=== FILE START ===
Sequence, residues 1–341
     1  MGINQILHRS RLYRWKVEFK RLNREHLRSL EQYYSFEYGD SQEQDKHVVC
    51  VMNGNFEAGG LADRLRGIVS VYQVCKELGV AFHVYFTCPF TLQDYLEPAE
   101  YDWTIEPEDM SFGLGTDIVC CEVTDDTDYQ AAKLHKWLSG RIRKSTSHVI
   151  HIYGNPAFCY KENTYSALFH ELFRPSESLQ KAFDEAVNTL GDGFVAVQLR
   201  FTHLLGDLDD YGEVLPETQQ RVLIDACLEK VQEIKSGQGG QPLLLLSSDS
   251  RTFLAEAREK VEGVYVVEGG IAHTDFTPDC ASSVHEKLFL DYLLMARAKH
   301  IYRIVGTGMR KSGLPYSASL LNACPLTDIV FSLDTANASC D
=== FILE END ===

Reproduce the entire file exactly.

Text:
Sequence, residues 1–341
     1  MGINQILHRS RLYRWKVEFK RLNREHLRSL EQYYSFEYGD SQEQDKHVVC
    51  VMNGNFEAGG LADRLRGIVS VYQVCKELGV AFHVYFTCPF TLQDYLEPAE
   101  YDWTIEPEDM SFGLGTDIVC CEVTDDTDYQ AAKLHKWLSG RIRKSTSHVI
   151  HIYGNPAFCY KENTYSALFH ELFRPSESLQ KAFDEAVNTL GDGFVAVQLR
   201  FTHLLGDLDD YGEVLPETQQ RVLIDACLEK VQEIKSGQGG QPLLLLSSDS
   251  RTFLAEAREK VEGVYVVEGG IAHTDFTPDC ASSVHEKLFL DYLLMARAKH
   301  IYRIVGTGMR KSGLPYSASL LNACPLTDIV FSLDTANASC D